The RAID 5 vs RAID 10 argument
There is a growing voice in the data storage community proclaiming that RAID 5 is a terrible solution. There are many valid points to these argument, most of which revolve around performance when in degraded mode, which isn’t a big concern for a simple archive and storage array. The other big complaint is the increase in the chance of catastrophic failure when compared RAID 1 or RAID 10.
- RAID5 is slow (writing)
Little to no impact in a data-storage array. 90%+ of your activity will be reading data, not writing. Even “slow” RAID 5 write speeds are enough to saturate a gigabit network.
- RAID5 can only support one drive failure
One is better than none, granted not as good as two, but massive increase is storage lost to redundancy is a hefty price to pay.
- RAID5 takes a long time to rebuild
This is when your array is vulnerable. A drive has failed, your are operating in degraded mode, you plug in a replacement drive and the array starts rebuilding (recalculating parity and writing the data to the new drive). If another drive fails during this period it means catastrophic data loss. The probability of this happening depends on the size of the array, the size of the drives in the array, the quality and age of the drives, and the speed of the controller. Generally speaking it has a very low chance of happening.
- RAID5 arrays can be corrupted by a fatal read error when the array is operating in a degraded state.
This is the big one. Sometimes, vary rarely, hard drives simply cannot read the data for a block. The drive will politely say “I’m sorry, but this block is gone.” This is a very rare occurrence indeed, you’ve probably never seen it in your lifetime. But if a tiny little error like this happens when the array is trying to rebuild the controller will not be able to calculate parity and it will fail the array. Total data loss. The chance of this happening depends on how big your array is. The larger the array, the larger the chance of having a read error during a rebuild.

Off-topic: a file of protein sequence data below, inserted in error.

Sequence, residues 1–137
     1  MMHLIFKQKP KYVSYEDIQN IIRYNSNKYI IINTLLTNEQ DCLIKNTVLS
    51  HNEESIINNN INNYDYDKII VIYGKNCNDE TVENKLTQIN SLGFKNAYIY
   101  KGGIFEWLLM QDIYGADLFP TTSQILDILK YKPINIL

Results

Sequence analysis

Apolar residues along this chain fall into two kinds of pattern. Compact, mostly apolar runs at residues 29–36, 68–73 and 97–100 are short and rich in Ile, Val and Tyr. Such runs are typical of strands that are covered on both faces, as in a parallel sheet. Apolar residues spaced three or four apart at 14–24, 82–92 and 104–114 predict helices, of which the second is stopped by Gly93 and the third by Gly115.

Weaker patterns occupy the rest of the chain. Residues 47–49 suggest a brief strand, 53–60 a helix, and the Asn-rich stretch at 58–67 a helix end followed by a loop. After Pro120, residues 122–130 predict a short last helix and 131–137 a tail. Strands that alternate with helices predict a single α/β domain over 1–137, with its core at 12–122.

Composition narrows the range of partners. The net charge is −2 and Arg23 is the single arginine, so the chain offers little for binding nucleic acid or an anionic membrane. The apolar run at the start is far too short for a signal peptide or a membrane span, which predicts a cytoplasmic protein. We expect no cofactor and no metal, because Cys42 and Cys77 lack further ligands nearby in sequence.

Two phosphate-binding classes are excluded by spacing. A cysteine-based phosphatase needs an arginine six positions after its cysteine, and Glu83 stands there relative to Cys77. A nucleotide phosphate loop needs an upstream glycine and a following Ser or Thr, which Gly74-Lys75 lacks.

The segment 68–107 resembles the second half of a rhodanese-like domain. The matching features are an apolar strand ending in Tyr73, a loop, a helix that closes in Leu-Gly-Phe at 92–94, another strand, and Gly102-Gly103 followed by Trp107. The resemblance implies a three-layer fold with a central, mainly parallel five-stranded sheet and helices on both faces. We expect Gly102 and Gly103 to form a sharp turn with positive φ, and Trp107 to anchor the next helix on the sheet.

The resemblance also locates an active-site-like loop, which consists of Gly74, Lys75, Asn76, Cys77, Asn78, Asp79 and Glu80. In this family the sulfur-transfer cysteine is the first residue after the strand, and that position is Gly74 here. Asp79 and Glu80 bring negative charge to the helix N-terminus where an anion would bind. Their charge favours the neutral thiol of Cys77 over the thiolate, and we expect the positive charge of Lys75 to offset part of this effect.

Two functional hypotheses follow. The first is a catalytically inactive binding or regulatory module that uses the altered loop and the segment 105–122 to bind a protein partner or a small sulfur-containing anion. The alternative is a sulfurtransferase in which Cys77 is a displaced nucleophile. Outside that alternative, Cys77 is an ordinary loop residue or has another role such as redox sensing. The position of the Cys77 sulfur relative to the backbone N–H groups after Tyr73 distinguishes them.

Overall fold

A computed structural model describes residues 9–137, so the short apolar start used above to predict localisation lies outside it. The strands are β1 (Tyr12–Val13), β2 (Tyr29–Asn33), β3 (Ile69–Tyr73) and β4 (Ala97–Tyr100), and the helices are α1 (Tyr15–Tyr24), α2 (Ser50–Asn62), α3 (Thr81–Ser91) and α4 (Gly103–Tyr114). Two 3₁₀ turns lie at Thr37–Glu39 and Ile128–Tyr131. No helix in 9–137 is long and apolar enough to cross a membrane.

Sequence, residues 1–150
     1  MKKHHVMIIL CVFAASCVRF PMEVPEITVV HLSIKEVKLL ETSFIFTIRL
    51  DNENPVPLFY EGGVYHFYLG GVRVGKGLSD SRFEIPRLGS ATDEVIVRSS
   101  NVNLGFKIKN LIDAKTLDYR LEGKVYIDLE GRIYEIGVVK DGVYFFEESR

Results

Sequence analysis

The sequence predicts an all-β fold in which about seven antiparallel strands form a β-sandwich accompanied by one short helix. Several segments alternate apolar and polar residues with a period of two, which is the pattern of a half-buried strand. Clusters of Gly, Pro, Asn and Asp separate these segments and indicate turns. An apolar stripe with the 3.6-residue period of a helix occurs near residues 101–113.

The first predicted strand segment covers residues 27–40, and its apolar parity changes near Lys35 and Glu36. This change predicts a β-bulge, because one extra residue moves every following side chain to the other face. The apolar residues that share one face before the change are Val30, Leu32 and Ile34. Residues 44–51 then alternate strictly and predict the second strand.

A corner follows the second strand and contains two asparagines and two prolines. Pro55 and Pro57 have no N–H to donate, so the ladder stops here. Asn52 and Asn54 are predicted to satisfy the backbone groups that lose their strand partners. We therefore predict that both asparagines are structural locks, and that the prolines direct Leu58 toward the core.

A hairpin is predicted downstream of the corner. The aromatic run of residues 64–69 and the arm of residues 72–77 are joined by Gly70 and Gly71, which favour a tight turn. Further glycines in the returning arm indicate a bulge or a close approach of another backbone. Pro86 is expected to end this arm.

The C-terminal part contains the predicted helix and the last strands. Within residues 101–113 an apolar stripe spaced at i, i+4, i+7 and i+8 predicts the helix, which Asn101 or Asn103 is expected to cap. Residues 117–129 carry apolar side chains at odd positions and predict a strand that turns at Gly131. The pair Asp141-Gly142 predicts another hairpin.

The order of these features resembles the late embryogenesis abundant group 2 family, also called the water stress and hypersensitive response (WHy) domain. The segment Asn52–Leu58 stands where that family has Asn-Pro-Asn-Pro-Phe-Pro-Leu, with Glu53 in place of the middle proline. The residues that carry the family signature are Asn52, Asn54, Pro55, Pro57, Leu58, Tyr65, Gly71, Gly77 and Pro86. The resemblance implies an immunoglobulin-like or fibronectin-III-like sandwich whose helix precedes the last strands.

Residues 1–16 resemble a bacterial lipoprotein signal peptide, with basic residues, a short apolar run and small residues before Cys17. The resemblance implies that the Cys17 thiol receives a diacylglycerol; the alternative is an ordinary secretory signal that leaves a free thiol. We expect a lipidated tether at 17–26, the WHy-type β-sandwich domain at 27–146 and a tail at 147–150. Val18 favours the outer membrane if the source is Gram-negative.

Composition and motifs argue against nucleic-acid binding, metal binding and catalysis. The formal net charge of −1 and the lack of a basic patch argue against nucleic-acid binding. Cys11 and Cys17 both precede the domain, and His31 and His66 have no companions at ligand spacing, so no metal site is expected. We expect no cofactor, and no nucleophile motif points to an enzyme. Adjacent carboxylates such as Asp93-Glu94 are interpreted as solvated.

So yes, RAID 10 is certainly better for data security, but you pay for the increased security by dramatically decreasing the usable space in your array. Big hard drives, or big storage solutions are expensive. In my case I couldn’t justify the cost, 194% increase in the space required for redundancy for a ~2% decrease in chance of failure.
This is a very personal decision. If you have the money, or don’t need that much space, and truly value your data I say go with RAID 10. For me personally, I need every terabyte I can squeeze out of my system. So I went with RAID 5 for the storage array.
ICH10R RAID5 configuration
There are two configuration options that you need to set when building a RAID 5 array, stripe size, and cluster size.
- Stripe size is the size of the RAID stripes that will be spread across the drives in the array. This value is set with you first setup the array in the RAID BIOS.
- Cluster size is the size of the clusters in the partition. This value is set when you format the drive in your operating system.